From a therapeutic perspective, it was important to ascertain if any of the recombinant antibodies interfered with SEB binding to receptor in a biological assay. Antibody-mediated inhibition of toxin binding to either MHC II or TCR can afford protection. We examined antibody inhibition of SEB - MHC II interactions using an LG2 cell-based assay and flow cytometry analysis (data not shown). Only Fabs 9 and 10 effectively prevented SEB binding (~95%) to MHC II, and these antibodies were equivalent in this assay to the SEB-purified IgG from human sera used as a control. Fab 1 weakly (~20%) inhibited SEB binding to MHC II while Fabs 2 - 8 had no effect. There was no inhibition of SEB binding to MHC II by a control Fab (SEA-selected clone). Furthermore, direct comparison of parental Fabs with native-length Mabs 9 and 10 revealed no differences in blocking SEB binding to MHC II by this assay.
We next addressed toxin-neutralizing capabilities of the antibodies in cell culture. Activation of T lymphocytes in human mononuclear cell cultures was monitored by measuring release of IFNγ in response to SEB pre-incubated with each antibody. By IC50 determination, the most potent (SEB-neutralizing) Fabs were 1, 3, 9 and 10, whereas Fabs 7 and 8 had no inhibitory effect (Table 3). Although the positive antibody control (SEB-specific IgG from human sera) effectively inhibited T-cell activation by SEB, Fab 10 was slightly better. A negative control Fab against SEA, which did not react with SEB by ELISA, had no effect upon SEB-induced activation of T cells.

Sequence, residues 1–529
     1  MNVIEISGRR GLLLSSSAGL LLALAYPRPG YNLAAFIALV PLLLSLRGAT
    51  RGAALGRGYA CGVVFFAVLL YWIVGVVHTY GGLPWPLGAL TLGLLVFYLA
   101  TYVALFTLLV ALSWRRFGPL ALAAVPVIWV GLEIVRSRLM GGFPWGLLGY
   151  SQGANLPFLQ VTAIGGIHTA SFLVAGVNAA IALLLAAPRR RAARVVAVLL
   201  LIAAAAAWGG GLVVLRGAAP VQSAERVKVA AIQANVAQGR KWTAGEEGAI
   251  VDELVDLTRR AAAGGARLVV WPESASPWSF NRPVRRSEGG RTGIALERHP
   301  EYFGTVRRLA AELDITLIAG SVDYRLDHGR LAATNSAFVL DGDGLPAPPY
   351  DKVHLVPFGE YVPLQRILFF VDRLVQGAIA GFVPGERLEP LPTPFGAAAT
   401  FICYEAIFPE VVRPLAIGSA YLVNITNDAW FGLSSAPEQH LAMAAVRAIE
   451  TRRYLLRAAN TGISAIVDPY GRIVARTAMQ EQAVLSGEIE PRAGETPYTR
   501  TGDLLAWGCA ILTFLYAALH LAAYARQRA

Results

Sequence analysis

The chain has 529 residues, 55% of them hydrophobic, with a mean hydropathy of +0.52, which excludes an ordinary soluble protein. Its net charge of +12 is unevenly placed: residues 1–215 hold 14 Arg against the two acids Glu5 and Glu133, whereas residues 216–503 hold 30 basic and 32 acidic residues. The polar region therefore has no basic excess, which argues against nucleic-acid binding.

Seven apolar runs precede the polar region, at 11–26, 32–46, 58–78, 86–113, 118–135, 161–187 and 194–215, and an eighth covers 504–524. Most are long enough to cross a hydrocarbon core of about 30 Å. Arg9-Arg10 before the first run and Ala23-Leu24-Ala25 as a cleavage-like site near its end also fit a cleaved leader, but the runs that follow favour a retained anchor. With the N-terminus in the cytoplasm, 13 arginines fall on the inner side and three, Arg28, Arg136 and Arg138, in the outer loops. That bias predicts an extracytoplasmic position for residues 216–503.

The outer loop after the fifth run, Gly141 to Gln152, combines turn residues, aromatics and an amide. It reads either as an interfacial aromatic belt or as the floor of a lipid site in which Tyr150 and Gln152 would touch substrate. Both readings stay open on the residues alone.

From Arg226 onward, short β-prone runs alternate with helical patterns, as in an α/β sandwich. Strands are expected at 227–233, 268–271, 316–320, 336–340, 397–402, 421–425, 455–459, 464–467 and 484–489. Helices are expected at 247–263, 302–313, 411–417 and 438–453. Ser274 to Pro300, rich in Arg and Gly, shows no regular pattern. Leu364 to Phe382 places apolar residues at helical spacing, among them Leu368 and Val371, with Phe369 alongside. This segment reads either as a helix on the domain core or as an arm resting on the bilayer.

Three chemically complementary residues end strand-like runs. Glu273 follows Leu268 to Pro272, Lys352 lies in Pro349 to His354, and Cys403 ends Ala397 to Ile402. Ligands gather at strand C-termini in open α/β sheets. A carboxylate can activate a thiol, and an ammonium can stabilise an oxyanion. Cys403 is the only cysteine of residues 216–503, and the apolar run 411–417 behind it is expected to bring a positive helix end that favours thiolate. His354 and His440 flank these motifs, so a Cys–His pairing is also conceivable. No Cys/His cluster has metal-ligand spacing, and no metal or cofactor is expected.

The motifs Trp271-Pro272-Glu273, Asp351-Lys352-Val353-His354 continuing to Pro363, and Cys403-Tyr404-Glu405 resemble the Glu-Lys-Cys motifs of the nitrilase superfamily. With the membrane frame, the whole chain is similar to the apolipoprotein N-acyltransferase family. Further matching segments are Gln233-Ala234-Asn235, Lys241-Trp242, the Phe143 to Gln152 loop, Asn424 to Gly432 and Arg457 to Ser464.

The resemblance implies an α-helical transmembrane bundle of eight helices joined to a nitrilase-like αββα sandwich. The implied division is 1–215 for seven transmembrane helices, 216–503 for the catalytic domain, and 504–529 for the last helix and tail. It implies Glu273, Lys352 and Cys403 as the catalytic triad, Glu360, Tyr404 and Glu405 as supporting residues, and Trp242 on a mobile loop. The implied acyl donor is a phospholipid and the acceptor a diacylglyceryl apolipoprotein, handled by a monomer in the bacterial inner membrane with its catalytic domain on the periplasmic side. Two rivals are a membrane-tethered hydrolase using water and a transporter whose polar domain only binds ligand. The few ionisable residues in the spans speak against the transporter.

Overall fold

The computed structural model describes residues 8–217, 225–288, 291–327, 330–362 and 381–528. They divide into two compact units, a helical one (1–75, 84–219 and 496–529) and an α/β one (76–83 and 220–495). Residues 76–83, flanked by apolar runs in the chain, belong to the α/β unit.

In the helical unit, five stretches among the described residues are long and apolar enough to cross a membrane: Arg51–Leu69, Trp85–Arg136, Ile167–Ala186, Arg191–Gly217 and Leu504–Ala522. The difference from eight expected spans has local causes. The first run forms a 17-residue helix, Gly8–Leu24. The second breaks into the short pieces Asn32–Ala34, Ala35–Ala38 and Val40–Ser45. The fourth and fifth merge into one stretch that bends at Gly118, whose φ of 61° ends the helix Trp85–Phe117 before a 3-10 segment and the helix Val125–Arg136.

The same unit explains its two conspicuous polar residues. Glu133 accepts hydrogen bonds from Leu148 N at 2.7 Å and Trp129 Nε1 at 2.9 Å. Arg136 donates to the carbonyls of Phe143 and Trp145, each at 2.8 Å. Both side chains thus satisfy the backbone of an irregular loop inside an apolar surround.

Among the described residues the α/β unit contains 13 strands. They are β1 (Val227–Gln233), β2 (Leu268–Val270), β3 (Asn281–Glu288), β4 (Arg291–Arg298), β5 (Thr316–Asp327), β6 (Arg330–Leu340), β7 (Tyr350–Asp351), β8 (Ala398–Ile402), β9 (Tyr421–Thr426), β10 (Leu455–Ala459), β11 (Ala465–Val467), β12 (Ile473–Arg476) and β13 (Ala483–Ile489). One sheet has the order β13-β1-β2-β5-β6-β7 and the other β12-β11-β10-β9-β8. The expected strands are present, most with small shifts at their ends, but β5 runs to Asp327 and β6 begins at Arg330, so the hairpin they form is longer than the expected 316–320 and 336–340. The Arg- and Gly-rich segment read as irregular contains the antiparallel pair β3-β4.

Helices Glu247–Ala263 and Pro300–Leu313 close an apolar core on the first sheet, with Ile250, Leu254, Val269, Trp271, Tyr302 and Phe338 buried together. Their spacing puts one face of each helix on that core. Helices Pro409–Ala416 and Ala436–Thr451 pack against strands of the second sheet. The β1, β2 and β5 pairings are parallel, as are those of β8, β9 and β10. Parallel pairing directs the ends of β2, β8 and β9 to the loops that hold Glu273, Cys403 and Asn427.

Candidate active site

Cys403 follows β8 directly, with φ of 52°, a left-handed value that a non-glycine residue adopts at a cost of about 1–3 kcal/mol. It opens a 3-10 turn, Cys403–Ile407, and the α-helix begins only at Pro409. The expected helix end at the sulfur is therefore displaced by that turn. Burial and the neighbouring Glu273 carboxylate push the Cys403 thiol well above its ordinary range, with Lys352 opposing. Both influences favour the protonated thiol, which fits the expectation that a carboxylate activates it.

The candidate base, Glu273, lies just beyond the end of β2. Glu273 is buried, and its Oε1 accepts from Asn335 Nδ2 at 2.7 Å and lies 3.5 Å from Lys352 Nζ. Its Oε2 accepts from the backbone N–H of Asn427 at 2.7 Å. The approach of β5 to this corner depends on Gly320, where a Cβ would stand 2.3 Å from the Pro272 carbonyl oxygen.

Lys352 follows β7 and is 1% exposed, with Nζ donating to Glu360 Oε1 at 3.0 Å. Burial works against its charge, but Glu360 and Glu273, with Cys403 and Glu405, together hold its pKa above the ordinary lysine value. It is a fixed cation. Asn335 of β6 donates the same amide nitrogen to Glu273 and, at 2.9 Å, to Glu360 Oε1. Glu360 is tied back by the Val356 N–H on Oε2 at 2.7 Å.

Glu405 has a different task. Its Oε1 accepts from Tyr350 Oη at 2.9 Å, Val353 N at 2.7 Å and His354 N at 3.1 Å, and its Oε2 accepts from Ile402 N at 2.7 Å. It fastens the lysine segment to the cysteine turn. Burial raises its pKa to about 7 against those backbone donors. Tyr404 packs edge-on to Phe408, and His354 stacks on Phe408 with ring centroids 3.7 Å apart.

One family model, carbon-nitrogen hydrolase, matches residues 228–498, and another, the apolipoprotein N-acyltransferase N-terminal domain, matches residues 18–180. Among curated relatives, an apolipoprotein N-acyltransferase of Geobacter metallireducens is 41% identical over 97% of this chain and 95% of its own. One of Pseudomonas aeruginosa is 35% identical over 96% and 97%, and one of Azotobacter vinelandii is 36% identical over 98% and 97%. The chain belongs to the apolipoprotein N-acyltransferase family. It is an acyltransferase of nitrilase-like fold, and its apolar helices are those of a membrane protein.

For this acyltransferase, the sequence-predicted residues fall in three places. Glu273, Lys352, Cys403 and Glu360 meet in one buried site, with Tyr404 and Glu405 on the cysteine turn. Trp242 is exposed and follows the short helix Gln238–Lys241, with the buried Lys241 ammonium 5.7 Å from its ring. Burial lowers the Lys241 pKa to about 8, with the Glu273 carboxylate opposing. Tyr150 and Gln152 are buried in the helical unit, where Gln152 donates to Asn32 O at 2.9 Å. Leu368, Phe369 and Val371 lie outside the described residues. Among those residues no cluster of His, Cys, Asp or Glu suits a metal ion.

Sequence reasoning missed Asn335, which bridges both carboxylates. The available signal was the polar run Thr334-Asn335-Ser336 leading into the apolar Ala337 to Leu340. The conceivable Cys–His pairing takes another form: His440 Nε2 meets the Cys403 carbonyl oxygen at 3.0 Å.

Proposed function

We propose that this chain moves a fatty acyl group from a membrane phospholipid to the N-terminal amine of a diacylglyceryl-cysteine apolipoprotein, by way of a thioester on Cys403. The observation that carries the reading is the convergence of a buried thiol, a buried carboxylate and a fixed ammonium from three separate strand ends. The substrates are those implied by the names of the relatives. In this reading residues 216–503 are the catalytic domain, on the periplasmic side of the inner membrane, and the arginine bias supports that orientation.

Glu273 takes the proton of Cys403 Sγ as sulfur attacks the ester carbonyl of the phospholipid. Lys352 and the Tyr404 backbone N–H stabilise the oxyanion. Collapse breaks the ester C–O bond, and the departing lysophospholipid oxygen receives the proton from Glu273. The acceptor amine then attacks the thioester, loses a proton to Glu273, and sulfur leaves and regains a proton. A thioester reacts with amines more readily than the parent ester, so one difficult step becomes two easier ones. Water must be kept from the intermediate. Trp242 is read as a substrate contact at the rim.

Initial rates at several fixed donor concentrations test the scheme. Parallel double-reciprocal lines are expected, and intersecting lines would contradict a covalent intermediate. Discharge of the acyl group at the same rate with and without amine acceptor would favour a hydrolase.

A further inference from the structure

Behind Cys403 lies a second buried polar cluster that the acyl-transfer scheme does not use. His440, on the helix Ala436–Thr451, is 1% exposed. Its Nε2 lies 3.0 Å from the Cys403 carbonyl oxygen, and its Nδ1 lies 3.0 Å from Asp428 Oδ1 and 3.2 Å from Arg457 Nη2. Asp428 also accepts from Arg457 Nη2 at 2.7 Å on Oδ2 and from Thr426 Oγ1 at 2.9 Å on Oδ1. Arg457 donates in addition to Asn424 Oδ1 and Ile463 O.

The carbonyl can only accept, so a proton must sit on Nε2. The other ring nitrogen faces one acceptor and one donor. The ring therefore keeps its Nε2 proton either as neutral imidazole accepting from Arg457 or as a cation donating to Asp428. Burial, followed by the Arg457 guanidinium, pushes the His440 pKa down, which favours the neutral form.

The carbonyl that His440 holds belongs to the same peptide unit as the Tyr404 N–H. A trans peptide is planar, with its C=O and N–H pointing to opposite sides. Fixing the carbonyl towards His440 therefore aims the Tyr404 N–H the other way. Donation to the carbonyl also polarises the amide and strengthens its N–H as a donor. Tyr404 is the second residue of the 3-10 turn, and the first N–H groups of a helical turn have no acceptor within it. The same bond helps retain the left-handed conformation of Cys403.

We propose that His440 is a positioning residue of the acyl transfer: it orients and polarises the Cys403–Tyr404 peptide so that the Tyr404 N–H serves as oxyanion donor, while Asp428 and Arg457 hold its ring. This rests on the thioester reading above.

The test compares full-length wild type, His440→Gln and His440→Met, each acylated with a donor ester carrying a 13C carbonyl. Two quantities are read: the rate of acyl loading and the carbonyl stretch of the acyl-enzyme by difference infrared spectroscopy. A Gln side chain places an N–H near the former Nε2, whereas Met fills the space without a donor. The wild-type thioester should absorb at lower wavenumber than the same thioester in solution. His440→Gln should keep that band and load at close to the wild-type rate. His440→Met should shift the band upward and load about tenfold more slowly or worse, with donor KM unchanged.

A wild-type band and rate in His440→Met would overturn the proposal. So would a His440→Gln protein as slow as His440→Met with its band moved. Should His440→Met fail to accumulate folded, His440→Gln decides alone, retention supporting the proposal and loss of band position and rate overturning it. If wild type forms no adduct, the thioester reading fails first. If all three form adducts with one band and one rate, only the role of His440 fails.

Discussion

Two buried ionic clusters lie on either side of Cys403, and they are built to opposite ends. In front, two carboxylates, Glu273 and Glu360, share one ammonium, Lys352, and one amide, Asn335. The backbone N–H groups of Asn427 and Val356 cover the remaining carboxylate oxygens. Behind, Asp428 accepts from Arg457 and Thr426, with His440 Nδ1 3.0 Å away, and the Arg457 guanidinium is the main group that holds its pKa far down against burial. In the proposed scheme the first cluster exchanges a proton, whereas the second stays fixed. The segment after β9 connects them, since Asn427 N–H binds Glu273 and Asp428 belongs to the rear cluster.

To further complement the SEB studies, we also examined Fab inhibition of T-cell responses to other cross-reacting superantigens. Fab 6 most effectively inhibited SEC1-induced responses, as monitored by IFNγ secretion, and was slightly more potent than the polyclonal IgG (Table 3). Uniquely, the IC50 of Fab 6 against SEC1 was approximately two-fold better than that for SEB. Among the remaining cross-reacting antibodies, Fab 1 had a barely-detectable effect against SEC1. Although six of the Fabs recognized SpeC by ELISA (Table 1), only Fab 9 had any significant effect on SpeC-induced stimulation of T-cells. In contrast to the recombinant antibodies, polyclonal IgG more effectively inhibited SpeC, versus SEB or SEC1, activation of human T cells (Table 3). Altogether, these results indicated that common, neutralizing epitopes on staphylococcal and streptococcal superantigens are recognized by this panel of human monoclonal antibodies.